Men in search of their spirit

November 14, 2012

Written by Chiara Muzzin

Bhutan is known in some circles to be a place of happiness and mystery. To others, Bhutan is unknown. Located between Tibet and India, the country thrives with culture and awe-inspiring scenery. The people’s authentic smiles are welcoming and the land is rich with incredible energy. One man’s journey throughout this magnificent kingdom will create endless possibilities and its rare beauty will inspire you to search for your spirit. 

Tim Bidstrup joined wellbeing tourism operator Journeys of the Spirit to discover a treasured and extraordinary part of this world. It was the very personal and inspiring experiences Journeys of the Spirit creates that captured Tim’s attention. He had heard whispers about Bhutan for a long time and throughout his other travel experiences he had heard many people speaking of this mysterious land. He believed it was a place few people had visited.

“My partner introduced me to Journeys of the Spirit. A retreat to Bhutan was on offer and reading about the spiritual aspects of the trip I thought it would be different than just an ordinary holiday. I didn’t think twice about going to Bhutan as I just felt it was going to be a really good fit.”

Traveling with Journeys of the Spirit, where intent and exploring the essence of sacred cultures is their style connected Tim to the spiritual aspects of his personal journey. 

“At that point in my life I was learning about Buddhism. I was starting to gain knowledge about it and it was something that really clicked with me. The thought of going to a Buddhist nation and to see Buddhism in practice for me was a really strong draw card.”

Before going to Bhutan, Tim travelled throughout much of India’s poorest regions. Although the people he saw and spoke to barely have the necessities to live, he believes they are some of the happiest people he has ever seen in his life.

“Seeing it all teaches you a different way of looking at the world. There is so much suffering in this world and to me the suffering isn’t only to do with your surroundings it is something upstairs that leads to that suffering. For me, Buddhism was a way of recognising this. Finding a bit of freedom and a way of being virtuous and good to others…to start to be kind to you and be kind to others is the life we should aspire to lead.”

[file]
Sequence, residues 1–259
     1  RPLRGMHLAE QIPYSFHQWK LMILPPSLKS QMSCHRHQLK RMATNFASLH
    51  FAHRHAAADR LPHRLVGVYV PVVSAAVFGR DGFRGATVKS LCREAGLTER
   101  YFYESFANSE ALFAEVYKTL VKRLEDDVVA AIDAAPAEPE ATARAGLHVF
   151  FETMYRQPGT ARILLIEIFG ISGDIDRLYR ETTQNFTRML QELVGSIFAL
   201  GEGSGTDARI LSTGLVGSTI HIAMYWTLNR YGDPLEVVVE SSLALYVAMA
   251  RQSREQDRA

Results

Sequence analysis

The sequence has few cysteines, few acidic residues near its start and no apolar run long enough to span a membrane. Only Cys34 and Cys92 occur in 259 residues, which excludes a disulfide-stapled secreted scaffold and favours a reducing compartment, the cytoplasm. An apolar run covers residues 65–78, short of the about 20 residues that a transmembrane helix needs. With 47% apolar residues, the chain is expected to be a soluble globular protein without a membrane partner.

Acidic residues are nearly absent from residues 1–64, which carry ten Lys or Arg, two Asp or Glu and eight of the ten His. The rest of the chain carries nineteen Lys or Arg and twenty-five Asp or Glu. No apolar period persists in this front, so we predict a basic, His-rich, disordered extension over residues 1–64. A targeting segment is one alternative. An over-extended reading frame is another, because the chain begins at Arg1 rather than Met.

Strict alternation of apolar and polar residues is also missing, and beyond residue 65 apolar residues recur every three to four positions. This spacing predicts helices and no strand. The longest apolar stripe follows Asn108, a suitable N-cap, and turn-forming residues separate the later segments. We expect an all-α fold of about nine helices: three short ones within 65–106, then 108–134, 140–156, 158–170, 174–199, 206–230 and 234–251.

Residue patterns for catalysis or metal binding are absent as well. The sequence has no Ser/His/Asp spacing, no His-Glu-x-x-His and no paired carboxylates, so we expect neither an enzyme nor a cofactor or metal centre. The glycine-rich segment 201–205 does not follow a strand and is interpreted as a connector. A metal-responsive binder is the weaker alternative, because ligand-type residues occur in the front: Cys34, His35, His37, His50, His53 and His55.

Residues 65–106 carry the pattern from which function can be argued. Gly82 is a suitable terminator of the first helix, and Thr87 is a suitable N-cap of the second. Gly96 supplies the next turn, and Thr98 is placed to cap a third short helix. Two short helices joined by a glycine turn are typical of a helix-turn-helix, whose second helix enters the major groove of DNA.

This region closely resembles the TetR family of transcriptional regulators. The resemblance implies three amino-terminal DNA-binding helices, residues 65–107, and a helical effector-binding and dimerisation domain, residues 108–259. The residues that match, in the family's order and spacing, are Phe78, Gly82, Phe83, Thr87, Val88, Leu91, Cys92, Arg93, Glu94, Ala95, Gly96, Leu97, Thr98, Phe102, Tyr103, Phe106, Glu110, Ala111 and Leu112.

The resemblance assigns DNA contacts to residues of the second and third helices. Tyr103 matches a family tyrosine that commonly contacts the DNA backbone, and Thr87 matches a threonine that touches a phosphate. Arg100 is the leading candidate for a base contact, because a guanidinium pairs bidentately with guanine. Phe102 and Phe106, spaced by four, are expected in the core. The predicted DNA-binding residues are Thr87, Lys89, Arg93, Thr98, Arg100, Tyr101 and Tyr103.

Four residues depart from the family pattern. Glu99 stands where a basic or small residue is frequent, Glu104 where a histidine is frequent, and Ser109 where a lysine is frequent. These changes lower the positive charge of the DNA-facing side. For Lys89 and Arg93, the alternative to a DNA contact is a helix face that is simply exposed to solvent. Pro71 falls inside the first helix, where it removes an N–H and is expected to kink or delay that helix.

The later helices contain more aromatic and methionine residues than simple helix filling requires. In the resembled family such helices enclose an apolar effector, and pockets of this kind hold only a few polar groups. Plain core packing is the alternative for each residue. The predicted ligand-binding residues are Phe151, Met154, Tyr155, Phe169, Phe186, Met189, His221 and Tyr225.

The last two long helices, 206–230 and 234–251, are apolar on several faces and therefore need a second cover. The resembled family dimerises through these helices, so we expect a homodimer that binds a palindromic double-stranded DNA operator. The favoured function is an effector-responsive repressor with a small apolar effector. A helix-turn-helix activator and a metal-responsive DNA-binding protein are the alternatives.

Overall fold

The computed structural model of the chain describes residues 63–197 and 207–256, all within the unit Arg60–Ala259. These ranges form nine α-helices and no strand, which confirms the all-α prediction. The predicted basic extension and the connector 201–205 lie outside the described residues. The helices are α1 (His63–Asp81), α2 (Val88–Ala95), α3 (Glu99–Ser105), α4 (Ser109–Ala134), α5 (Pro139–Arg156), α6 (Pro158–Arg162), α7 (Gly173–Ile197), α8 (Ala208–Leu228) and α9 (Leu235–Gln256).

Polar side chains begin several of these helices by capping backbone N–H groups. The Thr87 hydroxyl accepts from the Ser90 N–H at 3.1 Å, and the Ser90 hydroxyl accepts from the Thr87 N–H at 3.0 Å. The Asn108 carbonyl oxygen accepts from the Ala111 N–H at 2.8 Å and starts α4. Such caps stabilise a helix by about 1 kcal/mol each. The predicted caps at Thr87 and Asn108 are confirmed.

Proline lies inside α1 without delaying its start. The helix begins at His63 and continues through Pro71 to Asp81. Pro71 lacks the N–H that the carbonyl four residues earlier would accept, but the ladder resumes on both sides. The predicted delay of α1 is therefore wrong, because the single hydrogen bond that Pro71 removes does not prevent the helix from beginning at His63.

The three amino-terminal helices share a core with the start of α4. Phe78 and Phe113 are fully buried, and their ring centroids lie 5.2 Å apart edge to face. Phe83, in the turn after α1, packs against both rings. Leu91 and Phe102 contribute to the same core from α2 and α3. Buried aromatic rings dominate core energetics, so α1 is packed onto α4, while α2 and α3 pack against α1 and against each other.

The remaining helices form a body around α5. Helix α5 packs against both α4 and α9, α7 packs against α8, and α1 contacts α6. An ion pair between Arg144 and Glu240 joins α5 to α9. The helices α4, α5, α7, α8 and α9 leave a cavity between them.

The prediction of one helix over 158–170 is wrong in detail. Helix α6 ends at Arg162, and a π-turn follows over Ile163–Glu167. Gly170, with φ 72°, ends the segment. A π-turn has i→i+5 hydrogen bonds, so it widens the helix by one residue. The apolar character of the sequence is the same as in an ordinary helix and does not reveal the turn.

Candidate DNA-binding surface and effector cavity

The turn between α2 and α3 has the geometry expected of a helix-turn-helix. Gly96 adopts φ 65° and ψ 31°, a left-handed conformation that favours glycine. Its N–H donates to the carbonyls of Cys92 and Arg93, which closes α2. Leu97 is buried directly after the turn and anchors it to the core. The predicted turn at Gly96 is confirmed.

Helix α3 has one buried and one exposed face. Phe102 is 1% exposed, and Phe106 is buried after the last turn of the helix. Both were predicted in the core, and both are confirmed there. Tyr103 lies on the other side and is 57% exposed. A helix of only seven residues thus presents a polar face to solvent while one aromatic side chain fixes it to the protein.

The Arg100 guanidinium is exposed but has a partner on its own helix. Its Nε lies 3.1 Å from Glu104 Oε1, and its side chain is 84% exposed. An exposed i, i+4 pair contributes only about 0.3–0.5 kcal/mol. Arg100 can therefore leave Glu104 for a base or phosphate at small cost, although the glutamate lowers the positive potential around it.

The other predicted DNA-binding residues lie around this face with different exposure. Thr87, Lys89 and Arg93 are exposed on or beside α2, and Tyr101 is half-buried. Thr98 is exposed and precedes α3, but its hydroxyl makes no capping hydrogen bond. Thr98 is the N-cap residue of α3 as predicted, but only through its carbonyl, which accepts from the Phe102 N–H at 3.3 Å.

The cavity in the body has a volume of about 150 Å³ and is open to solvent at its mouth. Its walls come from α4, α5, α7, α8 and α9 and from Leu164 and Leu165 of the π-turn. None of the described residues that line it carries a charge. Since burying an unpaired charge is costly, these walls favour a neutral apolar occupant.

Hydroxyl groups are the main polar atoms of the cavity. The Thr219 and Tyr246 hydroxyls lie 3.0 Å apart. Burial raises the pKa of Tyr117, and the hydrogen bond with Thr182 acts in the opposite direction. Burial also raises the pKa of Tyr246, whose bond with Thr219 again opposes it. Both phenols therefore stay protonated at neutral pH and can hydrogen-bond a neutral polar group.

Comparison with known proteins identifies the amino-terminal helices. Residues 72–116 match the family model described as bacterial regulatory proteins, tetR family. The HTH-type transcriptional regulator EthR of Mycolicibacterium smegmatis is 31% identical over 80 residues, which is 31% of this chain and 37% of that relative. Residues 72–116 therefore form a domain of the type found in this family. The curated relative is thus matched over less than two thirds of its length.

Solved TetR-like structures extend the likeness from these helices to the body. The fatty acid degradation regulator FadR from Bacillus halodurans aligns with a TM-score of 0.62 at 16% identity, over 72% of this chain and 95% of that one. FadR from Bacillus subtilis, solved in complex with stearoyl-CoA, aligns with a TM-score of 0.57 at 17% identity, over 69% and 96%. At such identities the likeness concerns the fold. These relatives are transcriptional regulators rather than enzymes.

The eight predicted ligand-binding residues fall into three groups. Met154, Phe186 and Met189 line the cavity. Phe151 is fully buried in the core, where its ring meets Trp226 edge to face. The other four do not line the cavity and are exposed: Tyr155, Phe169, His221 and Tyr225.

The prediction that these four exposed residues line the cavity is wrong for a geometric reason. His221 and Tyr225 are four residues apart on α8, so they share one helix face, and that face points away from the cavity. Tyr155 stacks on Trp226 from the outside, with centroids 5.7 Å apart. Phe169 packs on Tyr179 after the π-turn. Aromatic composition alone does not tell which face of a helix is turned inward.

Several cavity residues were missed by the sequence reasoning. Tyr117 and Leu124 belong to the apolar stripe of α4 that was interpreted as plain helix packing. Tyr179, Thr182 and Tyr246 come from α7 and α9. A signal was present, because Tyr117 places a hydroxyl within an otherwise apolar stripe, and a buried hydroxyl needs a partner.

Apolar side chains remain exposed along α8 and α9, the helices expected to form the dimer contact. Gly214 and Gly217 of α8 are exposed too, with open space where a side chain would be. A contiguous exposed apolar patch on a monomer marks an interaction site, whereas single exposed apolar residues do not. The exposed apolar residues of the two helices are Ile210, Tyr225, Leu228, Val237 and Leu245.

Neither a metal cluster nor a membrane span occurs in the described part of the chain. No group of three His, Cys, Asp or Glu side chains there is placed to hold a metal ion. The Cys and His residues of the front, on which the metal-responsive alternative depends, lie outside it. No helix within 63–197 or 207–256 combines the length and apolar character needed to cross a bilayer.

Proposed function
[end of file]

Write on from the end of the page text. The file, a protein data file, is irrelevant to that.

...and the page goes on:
These touching and cherished moments that Tim experienced in Bhutan were not only fostered by the local people he met, he was heartened by the honoring, nurturing and support given by others within the group in which he travelled with. 

“The opportunity to reflect, to weave through this spiritual heartland and be given the space in which you can just be yourself is the beauty of what Journeys of the Spirit creates.

“I would say to people if they feel a nagging in their belly that there is something more or that they’re missing something, that they need to open up themselves to the possibility that they can find what they’re after. They need to be open to that and it’s very hard to fill that hole in your belly sitting on the couch. If you have the opportunity to go to some of these magical places, which have their own energy, whether you believe in energy or not, then go for it.”

Returning from Bhutan, Tim reflected on the moments of his journey, which revealed his true self. 

“I rediscovered how much I enjoyed making people laugh, how I still withhold the inquisitive spirit of a child, how I can be carefree, fun and not curve myself for the judgment of other people. But most of all, I learnt that I have a strong ability of being a natural leader.”